The 73rd annual Central New York Scottish Games and Celtic Festival will bring culture and festivities to Long Branch Park, in Liverpool, on Saturday, Aug. 9.
“I would encourage a first-time visitor to see everything at the festival,” said Bill Monette, athletics director of the festival. “The festival really tries to capture the Scottish culture and heritage. And visitors can hear pipe bands and watch Scottish dancing and athletic games.”
Visitors of Scottish descent should visit the clan and genealogy tent to meet others from the same heritage.
Bagpipes, ancient instruments created in Egypt and adopted by Scottish and Irish people, will play for a whole day, according to Jack Heins, a volunteer at the festival.
“My favorite part is the massed bagpipe bands,” Heins said. “At noon, all pipers and drummers will get together and play the same song. About 700 pipers and 10 to 20 bands will be there. It’s really cool and fun to watch.”
In addition to the all-day bagpipers, the Glengarry Bhoys, a band from Ontario, Canada, and the Flyin’ Column, an Irish band from Central New York, will put on a show.
“People like them,” Heins said. “They will get pipes in the mix and they kind of rock it up.”
Monette suggested that visitors watch the caber toss, a traditional Scottish game. The premise is simple: A player throws a 120-pound caber — a pole about 20 feet tall — from the “6 o’clock” position. The goal is that the caber must land in the “12 o’clock” position, directly in a line. The result depends on how accurately the player throws the caber.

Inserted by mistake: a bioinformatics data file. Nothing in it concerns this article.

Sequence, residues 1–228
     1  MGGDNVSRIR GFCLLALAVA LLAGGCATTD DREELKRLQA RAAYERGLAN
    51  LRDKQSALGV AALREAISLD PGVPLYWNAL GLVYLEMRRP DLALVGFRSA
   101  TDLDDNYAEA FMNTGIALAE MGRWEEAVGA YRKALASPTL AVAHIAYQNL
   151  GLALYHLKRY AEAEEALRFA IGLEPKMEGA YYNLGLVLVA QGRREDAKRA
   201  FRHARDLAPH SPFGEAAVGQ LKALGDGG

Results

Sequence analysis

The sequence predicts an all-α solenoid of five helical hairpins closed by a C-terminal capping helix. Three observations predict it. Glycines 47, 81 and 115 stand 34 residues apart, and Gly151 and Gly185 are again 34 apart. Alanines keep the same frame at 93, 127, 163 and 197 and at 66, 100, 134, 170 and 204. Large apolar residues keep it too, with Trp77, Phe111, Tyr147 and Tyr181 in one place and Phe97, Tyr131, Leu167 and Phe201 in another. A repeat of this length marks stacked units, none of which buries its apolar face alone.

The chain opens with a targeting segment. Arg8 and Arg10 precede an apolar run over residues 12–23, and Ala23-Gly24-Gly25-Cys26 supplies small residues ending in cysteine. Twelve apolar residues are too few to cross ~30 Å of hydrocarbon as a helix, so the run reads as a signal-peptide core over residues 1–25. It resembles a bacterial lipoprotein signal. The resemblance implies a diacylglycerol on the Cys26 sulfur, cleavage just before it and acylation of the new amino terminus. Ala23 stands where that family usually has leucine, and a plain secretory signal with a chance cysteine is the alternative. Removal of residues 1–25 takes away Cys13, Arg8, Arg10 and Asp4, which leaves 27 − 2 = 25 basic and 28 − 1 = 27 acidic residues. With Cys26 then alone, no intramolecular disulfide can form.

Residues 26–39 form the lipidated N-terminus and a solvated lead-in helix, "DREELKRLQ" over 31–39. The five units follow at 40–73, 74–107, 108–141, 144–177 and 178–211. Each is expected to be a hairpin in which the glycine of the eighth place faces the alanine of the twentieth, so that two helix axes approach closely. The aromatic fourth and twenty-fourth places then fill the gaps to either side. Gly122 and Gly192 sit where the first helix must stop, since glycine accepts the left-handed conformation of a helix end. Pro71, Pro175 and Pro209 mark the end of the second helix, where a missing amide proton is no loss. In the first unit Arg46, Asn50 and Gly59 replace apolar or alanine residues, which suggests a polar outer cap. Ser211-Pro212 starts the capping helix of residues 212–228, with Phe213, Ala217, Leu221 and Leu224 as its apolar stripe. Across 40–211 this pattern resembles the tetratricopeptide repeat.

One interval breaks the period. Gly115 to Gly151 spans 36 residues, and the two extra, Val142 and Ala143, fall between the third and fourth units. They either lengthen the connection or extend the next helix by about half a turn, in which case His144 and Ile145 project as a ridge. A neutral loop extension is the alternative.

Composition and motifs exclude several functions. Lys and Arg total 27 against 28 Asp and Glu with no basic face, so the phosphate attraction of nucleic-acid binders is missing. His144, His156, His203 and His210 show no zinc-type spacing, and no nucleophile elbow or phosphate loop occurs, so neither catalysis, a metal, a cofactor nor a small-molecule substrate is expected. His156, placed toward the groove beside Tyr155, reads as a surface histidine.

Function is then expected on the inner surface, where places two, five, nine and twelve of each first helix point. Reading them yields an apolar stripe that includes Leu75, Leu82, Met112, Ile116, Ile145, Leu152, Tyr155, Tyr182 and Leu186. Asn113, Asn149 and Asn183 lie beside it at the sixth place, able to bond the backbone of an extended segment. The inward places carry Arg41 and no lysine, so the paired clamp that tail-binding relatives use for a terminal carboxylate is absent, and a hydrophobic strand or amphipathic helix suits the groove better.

“It is very interesting,” Monette said. “Sometimes the caber wins, and players have to quit because it might be slippery. It is really complicated to hold and throw a caber, and players need to invest so much time and efforts in it.”
According to Monette, the caber toss is open to novices as long as they are physically qualified. Volunteers from the athletics committee will teach them a quick course about how to do the caber toss. The caber for first-time players weighs 80 pounds.
Visitors can also participate in the sheaf toss, in which a player throws a bag containing straw, 16 to 20 pounds, over a horizontal bar. The bar is raised until there is only one person left.
“Visitors can watch stone-throw for professional players,” Monette said. “The stone weighs 18 pounds, and we have used it for 30 years. This game is very similar to the shotput. The further you throw, the better.”
Children can participate in a few friendly competitions, including three-legged races, treasure hunts and small-scale caber throws.
Heins said the food is also a great draw. Haggis, Irish cuisine and a vendor from Scotland will be there.
For information, visit www.cnyscottishgames.org